Synopses & Reviews
“Writing is spooky. There is no routine of an office to keep you going, only the blank page each
morning, and you never know where your words are coming from, those divine words.”
In The Spooky Art, Norman Mailer discusses with signature candor the rewards and trials of the writing life, and recommends the tools to navigate it. Addressing the reader in a conversational tone, he draws on the best of more than fifty years of his own criticism, advice, and detailed observations about the writer’s craft. Mailer explores, among other topics, the use of first person versus third person, the pressing need for discipline, the pitfalls of early success, and the dire matter of coping with bad reviews. While The Spooky Art offers a fascinating preview of what can lie in wait for the student and fledgling writer, the book also has a great deal to say to more advanced writers on the contrary demands of plot and character, the demon writer’s block, and the curious ins-and-outs of publishing. Throughout, Mailer ties in examples from his own career, and reflects on the works of his fellow writers, living and dead—Twain, Melville, Faulkner, Hemingway, Updike, Didion, Bellow, Styron, Beckett, and a host of others. In The Spooky Art, Mailer captures the unique untold suffering and exhilaration of the novelist’s daily life and, while plotting a clear path for other writers to follow, maintains reverence for the underlying mystery and power of the art.
"[L]uxurious explorations....This book is a goldmine nothing less than marvelous erudition easily couched in stimulating prose....Chances are that all Mailer fans will be interested in perusing these pages, whether or not they are writers, as will anyone who is convinced a lifelong commitment to writing is for them." Brad Hooper, Booklist
"[T]he whole impresses mightily more so than might A Treasury of Great Literary Comments by Updike, Bellow, or Roth....He is particularly stimulating on questions of craft: style, first person versus third person, real life versus plot life, instinct and influence, stamina....Mailers richest thoughts on writing since the shock of Advertisements for Myself." Kirkus Reviews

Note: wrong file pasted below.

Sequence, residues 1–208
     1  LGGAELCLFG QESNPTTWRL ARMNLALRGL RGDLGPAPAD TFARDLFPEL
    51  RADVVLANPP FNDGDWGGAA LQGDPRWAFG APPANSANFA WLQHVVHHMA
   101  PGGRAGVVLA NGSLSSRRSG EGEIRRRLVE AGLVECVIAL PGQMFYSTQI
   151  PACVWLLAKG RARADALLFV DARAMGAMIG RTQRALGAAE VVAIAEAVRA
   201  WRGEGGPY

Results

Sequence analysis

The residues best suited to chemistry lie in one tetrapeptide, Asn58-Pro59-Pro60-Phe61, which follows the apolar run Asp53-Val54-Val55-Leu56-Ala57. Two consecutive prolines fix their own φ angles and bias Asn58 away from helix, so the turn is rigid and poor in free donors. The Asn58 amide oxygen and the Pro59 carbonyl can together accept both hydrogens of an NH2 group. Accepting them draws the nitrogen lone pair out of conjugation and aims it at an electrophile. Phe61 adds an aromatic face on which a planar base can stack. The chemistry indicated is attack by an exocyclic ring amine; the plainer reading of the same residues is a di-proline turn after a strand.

"[M]ost of the book has a scattershot feel....Some people will find Mailer's self-assessment grandiose he compares himself to Picasso repeatedly but his confidence should hardly surprise anybody at this point....What he has to say about contemporary literature...leaves the reader wanting more about books and less, much less, about Last Tango in Paris." Publishers Weekly
"Though the collection is uneven and at times cursory, it's also filled with Mailer's energetic spirit and is often provocative, perceptive and entertaining." James Schiff, Book Magazine
"The Spooky Art contains a number of sensible observations....If only there were more of this. A great deal of The Spooky Art has nothing whatever to do with novel writing, serious or otherwise....Like many writers, he is too preoccupied with the work itself to act as a guide to the ins and outs of literary style, even his own." James Campbell, The New York Times Book Review
"The Spooky Art...is a typical Norman Mailer book. By that I mean it is brilliant, irritating, inspiring, frustrating, pompous and egocentric....Mailer writes compellingly about the highs and lows of the writing life....Ostensibly intended for would-be writers, The Spooky Art will captivate everyone who enjoys a good read." Curt Schleier, Minneapolis Star-Tribune
In his latest outing, Mailer takes on a range of subjects with his signature candor, exploring, among other topics, the attractions and limitations of nonfiction, the pressing need for work habits, the pitfalls of early success, and the dire business of coping with bad reviews. But perhaps the most entertaining moments are those in which he takes on his fellow writers, living and dead.
About the Author
Norman Mailer was born in 1923 and published his first book, The Naked and the Dead, in 1948. The Armies of the Night won the National Book Award and the Pulitzer Prize in 1969; Mailer received another Pulitzer in 1980 for The Executioner’s Song. He lives in Provincetown, Massachusetts, and Brooklyn, New York.
Table of Contents
Lit Biz -- Craft -- Psychology -- Philosophy -- Genre --Giants.